MCAD Tech News (#345)

23 May, 2013 By: Cadalyst Staff

Spider 3D Scanner Targets Small, Intricate Objects

Priced at $20,500, the new model from Artec Group is designed for CAD users in the manufacturing market.

By Nancy Spurling Johnson

"This scanner is meant for the millions of CAD users around the world," said Anna Zevelyov, director of business development at Artec Group. She was speaking to me about the Artec Spider 3D — a new lightweight, handheld scanner that reportedly can scan sharp edges and small details with extraordinary resolution and accuracy. "You can easily digitize complex objects in minutes and import the data into a CAD system," Zevelyov said.

The Artec Spider is a lightweight, handheld 3D scanner designed for manufacturing applications that involve small, intricate parts.
The Artec Spider is a lightweight, handheld 3D scanner designed for manufacturing applications that involve small, intricate parts.

Spider is designed to scan objects such as molds, printed circuit boards, coins, and engravings. It has a field of view approximately the size of the human face, Zevelyov said. "It's for smaller parts or portions of larger products, such as an automobile wheel or door." In addition to manufacturing applications including CAD, rapid prototyping, and quality control, Spider can be used in heritage preservation, graphic design, medicine, automotive, and aerospace applications. Artec Group develops and manufactures 3D hardware and software for professionals and consumers and is known for its scanning and facial-recognition technologies.

Features of the Artec Spider 3D scanner include:

  • real-time scanning and fusion;
  • resolution as high as 0.15 mm and accuracy to 0.03–0.05 mm;
  • no markers or manual alignment are required during post-processing;
  • scans are captured in color (or "have texture," in scanner speak); and
  • working time is extended when used with the Artec battery.

"Pretty much any scanner for the CAD user didn't capture texture," Zevelyov said. "Now if you want to print on a color 3D printer, your point cloud data will support that." Read more »

. . . . . . . . . . . . . . . . . . . . . . . . . . . . . . . . . . . . . . . . . . . . . . . . . . . . . . . . . . . . . . . . . . . . . . . . . . . . . .
Nancy Spurling Johnson is editor-in-chief of Cadalyst.

IMAGINiT Tricks Tutorial: Mechanical Applications for AutoCAD Electrical

Make use of all the tools in Autodesk Product Design Suite.

By Stan Wile

Now that AutoCAD Electrical is included in the Premium and Ultimate versions of Autodesk's Product Design Suite, many companies have gained access to this software package. However, more and more often, I'm seeing those same companies choose to not install it. "We don't create schematics," they say.

A few weeks ago, I was listening to a company describe its needs, several of which could have easily been solved if they had had AutoCAD Electrical installed. The company owned many seats of Product Design Suite, but this group only used the AutoCAD Mechanical portion of it. Their Inventor group didn't have Electrical installed either. Maybe if users could see some of these features, they might think twice when choosing which software to exclude from their install.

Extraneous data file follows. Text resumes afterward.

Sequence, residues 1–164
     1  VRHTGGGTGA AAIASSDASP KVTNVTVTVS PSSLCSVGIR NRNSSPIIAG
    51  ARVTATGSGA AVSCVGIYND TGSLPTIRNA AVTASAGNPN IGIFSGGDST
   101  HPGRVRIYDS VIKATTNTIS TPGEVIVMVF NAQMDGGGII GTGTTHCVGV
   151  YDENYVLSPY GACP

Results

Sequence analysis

To use these features, you will need to open the drawings using AutoCAD Electrical. Other than a hidden block or two, nothing else will be added to your drawings. Read more »

. . . . . . . . . . . . . . . . . . . . . . . . . . . . . . . . . . . . . . . . . . . . . . . . . . . . . . . . . . . . . . . . . . . . . . . . . . . . . .
Stan Wile is a solutions consultant with IMAGINiT Technologies, specializing in manufacturing environments.


Mark Your Calendar: MCAD Events

First Look at SolidWorks Plastics and Sustainability: Connecting the Cost, Quality, and Ecological Dots
May 27, 2013
2 p.m. ET
This webcast is designed to help viewers understand how plastics and sustainability tools work together to help them make smart design and materials decisions. Read more »

Siemens PLM Connection Americas User Conference 2013
June 3–6, 2013
Dallas, Texas
This conference offers opportunities for attendees to work with the latest software developments, visit with a Siemens PLM technical representative, gather real user feedback, and more. Read more »

RAPID Additive Manufacturing Solutions Event
June 10–13, 2013
Pittsburgh, Pennsylvania
Produced by the Society of Manufacturing Engineers, this conference and exposition features 3D imaging and 3D printing technologies. Read more »

For a complete list of CAD meetings, conferences, training sessions, and more, check out our calendar of events on Are you hosting an event that you would like to include in our calendar? Submit details at least two weeks in advance to


What’s New at

Clean Machines More Quickly with System Mechanic
Iolo's inexpensive registry utility can save you time and reduce the drudgery of this tedious task. Read more »

Approach Disruptive Technologies with Caution
Upgrading an operating system or running software from the cloud won't automatically make for better designs — and it might cause trouble. Read more »

Autodesk Adds Features — and Fees — to AutoCAD 360 Mobile App
New versions of the tool formerly known as AutoCAD WS are offered alongside the popular free version. Read more »

Smartgeometry Event Pushes Limits of Architectural Design
Professionals and students alike collaborate using advanced computational software and conventional tools. Read more »

Get a Handle on Multifunctional Grips in AutoCAD
AutoCAD 2011 added valuable multifunctional grips to polylines. These handy grips are also available in nonassociative hatch boundaries. In this video tip from Cadalyst and Lynn Allen, you'll see how to get the most out of these nifty grips — and avoid the dreaded PEdit command! Watch the video »

About the Author: Cadalyst Staff

Cadalyst Staff

Add comment

Download Cadalyst Magazine Special Edition